U.S. flags fly in Utah today in honor of Utah statehood. It’s also the day that new, elected state officers take their oaths and take their offices. Utah is 121 years in the union — as a state, it’s old enough to drink, though you may have difficulty finding a drink there among the teetotaling Mormons.
Utah joined the Union on January 4, 1896. It had been a 49-year slog to statehood for Deseret, the Mormon settlement in the Desert. The size had been pared down, so it would not be the biggest state, incorporating parts of what is now Nevada, Arizona, Oregon, Idaho, Colorado and New Mexico. New capitals had been tried and cast aside (Fillmore, Utah). Democratic Party rule was broken when LDS church authorities went door-to-door, calling every other family to the Republican Party, and party parity. The Mormon Church abandoned polygamy, and adopted a state constitution that gave the vote to women.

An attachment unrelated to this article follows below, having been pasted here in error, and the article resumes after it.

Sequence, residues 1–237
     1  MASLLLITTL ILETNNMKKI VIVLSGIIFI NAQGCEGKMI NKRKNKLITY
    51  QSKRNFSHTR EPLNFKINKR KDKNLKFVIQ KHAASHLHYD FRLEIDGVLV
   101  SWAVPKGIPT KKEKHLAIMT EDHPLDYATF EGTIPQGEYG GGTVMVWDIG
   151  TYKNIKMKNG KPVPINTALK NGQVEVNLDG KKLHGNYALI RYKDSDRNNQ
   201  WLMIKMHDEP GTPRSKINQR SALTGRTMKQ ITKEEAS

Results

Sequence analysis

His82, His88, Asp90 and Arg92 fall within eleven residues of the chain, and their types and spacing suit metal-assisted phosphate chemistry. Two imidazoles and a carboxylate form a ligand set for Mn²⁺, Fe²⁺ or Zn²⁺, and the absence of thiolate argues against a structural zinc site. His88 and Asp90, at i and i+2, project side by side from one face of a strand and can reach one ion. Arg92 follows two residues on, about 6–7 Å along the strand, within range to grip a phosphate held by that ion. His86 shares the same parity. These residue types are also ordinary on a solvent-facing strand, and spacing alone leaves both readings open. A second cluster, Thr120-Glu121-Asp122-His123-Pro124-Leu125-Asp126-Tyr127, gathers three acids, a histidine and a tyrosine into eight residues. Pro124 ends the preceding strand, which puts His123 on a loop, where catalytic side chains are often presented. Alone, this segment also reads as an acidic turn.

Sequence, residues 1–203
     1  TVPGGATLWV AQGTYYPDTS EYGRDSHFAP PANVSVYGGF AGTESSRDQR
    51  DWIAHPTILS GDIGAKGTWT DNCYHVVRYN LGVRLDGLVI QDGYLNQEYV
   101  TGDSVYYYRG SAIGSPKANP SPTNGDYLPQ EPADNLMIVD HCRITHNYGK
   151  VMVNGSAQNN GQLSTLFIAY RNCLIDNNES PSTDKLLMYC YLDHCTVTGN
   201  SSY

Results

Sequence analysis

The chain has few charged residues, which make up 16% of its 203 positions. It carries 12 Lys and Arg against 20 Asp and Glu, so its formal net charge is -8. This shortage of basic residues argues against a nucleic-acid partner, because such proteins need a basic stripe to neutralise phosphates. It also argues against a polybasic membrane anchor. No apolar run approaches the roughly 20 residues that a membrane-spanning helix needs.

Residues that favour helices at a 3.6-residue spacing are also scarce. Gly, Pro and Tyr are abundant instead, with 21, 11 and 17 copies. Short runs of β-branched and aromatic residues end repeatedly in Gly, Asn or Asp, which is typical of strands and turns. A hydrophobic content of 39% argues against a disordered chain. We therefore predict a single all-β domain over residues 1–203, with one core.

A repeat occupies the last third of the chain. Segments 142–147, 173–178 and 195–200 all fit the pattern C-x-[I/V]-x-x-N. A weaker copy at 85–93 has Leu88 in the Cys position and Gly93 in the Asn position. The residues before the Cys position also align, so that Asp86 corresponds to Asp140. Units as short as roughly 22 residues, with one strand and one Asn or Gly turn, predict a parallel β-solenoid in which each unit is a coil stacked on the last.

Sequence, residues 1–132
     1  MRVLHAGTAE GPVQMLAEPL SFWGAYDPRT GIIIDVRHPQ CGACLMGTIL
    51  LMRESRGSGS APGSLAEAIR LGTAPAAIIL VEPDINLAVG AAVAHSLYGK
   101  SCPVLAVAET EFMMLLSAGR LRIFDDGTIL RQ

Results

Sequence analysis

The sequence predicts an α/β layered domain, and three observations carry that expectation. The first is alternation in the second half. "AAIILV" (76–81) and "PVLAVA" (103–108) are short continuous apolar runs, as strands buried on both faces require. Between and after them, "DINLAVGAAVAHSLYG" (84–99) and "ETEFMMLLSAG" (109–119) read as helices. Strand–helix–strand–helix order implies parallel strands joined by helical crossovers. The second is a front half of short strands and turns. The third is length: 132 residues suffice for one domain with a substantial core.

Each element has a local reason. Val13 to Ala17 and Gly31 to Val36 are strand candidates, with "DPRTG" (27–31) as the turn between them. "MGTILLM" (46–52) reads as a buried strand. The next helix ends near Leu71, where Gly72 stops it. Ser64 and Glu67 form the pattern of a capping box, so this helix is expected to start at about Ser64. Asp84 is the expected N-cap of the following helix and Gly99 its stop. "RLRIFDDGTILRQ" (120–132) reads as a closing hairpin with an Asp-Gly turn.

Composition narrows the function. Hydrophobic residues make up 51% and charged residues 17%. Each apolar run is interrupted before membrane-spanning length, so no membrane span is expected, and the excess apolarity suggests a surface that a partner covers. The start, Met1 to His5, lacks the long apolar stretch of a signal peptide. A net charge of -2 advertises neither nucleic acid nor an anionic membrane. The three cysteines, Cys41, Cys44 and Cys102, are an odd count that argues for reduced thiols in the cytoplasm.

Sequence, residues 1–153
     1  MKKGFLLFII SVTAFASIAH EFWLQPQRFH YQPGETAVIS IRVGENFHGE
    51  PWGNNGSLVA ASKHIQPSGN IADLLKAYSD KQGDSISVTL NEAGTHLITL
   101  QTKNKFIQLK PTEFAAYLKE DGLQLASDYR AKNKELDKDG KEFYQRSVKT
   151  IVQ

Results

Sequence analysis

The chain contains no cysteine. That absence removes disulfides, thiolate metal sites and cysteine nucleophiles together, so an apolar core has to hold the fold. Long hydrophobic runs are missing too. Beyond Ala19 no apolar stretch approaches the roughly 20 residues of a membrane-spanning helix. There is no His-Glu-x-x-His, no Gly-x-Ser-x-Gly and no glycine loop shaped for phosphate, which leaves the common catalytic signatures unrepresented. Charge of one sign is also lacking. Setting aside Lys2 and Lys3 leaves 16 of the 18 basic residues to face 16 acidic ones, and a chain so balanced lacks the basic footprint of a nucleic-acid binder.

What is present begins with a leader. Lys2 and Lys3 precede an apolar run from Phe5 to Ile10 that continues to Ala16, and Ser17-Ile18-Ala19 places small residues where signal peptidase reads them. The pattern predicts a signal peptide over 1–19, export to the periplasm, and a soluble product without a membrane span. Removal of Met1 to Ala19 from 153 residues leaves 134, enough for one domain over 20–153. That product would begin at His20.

Finally, Utah became the 45th state.
Happy birthday, Utah! 121 years old today.
Big dance in Fillmore to celebrate, Saturday:
- Utah’s very interesting path to statehood (constitutioncenter.org)
- Utah statehood story at Utah.com
- Utah Becomes a State, at ILoveHistory.com, from the Utah Division of State History
- Utah statehood discussed at PBS page for “The Mormons”
- “Utah: The struggle for statehood,” Production from KUED Channel 7, the PBS station operated by the University of Utah; curriculum guide (the entire production is available online for classroom use)
- Iowa Statehood, December 28, 1846 – Iowans, fly your flags today (timpanogos.wordpress.com)
- Texas Statehood, December 29, 1845 – 167years ago (timpanogos.wordpress.com)
- LDS scholars: “Mormon moment” could expand into cultural shift (denverpost.com)
- When Did Utah Become a State (wanttoknowit.com)
- In Fillmore, Utah, the capital proposed during the administration of Millard Fillmore to try to sway presidential support, there is an annual dance on the eve of statehood day, and a fete on the actual day
- Maybe Utah citizens don’t want to fly the U.S. flag! Utah has demanded that the federal government turn over control and title to 31 million acres of land — probably the biggest land grab since the Treaty of Guadelupe — with a deadline for handover of last week. Surprised? The U.S. Department of Interior didn’t turn over any land. Utahn’s plan to steal $2 million from Utah public school students to sue the federal government.